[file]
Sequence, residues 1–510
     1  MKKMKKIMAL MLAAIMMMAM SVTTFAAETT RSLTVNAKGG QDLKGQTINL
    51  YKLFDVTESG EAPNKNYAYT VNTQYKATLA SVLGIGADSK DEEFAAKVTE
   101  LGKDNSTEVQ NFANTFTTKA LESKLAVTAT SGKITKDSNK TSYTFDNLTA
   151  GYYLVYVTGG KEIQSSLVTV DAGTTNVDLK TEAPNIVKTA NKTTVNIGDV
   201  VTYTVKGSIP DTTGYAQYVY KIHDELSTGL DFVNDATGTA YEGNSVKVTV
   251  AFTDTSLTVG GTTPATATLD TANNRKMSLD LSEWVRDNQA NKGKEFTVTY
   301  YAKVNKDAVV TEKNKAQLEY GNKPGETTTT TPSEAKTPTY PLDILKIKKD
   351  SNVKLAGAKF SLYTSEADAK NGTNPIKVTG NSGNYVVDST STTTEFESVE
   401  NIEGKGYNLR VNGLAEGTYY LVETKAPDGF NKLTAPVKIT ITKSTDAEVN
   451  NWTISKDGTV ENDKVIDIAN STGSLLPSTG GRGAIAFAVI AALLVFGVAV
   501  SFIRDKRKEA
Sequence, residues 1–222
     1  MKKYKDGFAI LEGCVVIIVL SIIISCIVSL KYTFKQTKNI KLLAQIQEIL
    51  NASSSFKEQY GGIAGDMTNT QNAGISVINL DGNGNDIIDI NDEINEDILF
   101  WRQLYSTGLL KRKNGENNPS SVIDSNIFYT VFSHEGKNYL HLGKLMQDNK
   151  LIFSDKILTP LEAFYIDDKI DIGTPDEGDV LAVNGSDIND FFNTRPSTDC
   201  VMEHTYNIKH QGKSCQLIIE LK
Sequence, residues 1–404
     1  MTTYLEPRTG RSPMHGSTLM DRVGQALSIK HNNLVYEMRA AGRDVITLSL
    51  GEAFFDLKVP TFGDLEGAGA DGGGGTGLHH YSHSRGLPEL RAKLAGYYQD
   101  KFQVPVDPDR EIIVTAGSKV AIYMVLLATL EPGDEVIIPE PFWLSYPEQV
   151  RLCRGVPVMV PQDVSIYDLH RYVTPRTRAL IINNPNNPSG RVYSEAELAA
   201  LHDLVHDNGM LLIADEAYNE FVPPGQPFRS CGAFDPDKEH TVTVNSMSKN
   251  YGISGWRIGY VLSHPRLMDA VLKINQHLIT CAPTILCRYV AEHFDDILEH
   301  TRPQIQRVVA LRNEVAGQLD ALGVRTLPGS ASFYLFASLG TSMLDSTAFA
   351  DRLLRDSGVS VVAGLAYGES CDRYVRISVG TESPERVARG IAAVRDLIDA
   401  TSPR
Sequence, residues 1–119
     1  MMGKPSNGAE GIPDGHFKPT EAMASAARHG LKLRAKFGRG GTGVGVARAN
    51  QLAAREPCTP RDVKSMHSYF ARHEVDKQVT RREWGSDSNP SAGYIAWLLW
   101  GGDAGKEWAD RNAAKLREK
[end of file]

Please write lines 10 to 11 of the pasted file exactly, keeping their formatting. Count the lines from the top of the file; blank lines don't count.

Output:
   401  NIEGKGYNLR VNGLAEGTYY LVETKAPDGF NKLTAPVKIT ITKSTDAEVN
   451  NWTISKDGTV ENDKVIDIAN STGSLLPSTG GRGAIAFAVI AALLVFGVAV